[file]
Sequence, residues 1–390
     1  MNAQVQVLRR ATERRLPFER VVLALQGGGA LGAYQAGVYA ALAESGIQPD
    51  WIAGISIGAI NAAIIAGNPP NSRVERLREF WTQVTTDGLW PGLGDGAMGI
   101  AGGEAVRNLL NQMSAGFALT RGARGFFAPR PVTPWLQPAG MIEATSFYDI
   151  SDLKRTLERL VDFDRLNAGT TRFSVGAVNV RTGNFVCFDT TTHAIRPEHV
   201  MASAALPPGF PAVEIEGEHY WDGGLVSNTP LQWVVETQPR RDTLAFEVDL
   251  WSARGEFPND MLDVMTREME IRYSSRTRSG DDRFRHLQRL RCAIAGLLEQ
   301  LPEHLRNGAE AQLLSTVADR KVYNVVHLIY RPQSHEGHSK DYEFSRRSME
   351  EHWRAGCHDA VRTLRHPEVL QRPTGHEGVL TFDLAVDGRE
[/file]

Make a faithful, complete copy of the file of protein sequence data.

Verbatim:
Sequence, residues 1–390
     1  MNAQVQVLRR ATERRLPFER VVLALQGGGA LGAYQAGVYA ALAESGIQPD
    51  WIAGISIGAI NAAIIAGNPP NSRVERLREF WTQVTTDGLW PGLGDGAMGI
   101  AGGEAVRNLL NQMSAGFALT RGARGFFAPR PVTPWLQPAG MIEATSFYDI
   151  SDLKRTLERL VDFDRLNAGT TRFSVGAVNV RTGNFVCFDT TTHAIRPEHV
   201  MASAALPPGF PAVEIEGEHY WDGGLVSNTP LQWVVETQPR RDTLAFEVDL
   251  WSARGEFPND MLDVMTREME IRYSSRTRSG DDRFRHLQRL RCAIAGLLEQ
   301  LPEHLRNGAE AQLLSTVADR KVYNVVHLIY RPQSHEGHSK DYEFSRRSME
   351  EHWRAGCHDA VRTLRHPEVL QRPTGHEGVL TFDLAVDGRE